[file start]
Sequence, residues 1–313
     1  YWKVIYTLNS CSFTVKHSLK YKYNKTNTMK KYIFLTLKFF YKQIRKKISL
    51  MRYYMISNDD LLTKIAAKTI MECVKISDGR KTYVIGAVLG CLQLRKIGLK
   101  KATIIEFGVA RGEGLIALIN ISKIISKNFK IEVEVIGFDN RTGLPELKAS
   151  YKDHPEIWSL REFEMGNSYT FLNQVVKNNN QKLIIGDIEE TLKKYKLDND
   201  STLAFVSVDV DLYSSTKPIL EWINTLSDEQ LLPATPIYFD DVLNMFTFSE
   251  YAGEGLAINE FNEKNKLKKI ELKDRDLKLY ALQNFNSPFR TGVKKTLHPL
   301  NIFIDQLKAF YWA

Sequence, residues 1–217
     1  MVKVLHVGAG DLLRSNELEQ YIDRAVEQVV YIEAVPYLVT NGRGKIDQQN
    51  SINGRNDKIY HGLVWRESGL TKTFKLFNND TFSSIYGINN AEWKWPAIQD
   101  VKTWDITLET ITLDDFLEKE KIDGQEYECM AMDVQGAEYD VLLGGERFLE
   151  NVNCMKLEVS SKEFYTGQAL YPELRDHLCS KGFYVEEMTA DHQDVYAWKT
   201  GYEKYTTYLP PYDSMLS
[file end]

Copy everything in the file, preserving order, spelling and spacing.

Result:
Sequence, residues 1–313
     1  YWKVIYTLNS CSFTVKHSLK YKYNKTNTMK KYIFLTLKFF YKQIRKKISL
    51  MRYYMISNDD LLTKIAAKTI MECVKISDGR KTYVIGAVLG CLQLRKIGLK
   101  KATIIEFGVA RGEGLIALIN ISKIISKNFK IEVEVIGFDN RTGLPELKAS
   151  YKDHPEIWSL REFEMGNSYT FLNQVVKNNN QKLIIGDIEE TLKKYKLDND
   201  STLAFVSVDV DLYSSTKPIL EWINTLSDEQ LLPATPIYFD DVLNMFTFSE
   251  YAGEGLAINE FNEKNKLKKI ELKDRDLKLY ALQNFNSPFR TGVKKTLHPL
   301  NIFIDQLKAF YWA

Sequence, residues 1–217
     1  MVKVLHVGAG DLLRSNELEQ YIDRAVEQVV YIEAVPYLVT NGRGKIDQQN
    51  SINGRNDKIY HGLVWRESGL TKTFKLFNND TFSSIYGINN AEWKWPAIQD
   101  VKTWDITLET ITLDDFLEKE KIDGQEYECM AMDVQGAEYD VLLGGERFLE
   151  NVNCMKLEVS SKEFYTGQAL YPELRDHLCS KGFYVEEMTA DHQDVYAWKT
   201  GYEKYTTYLP PYDSMLS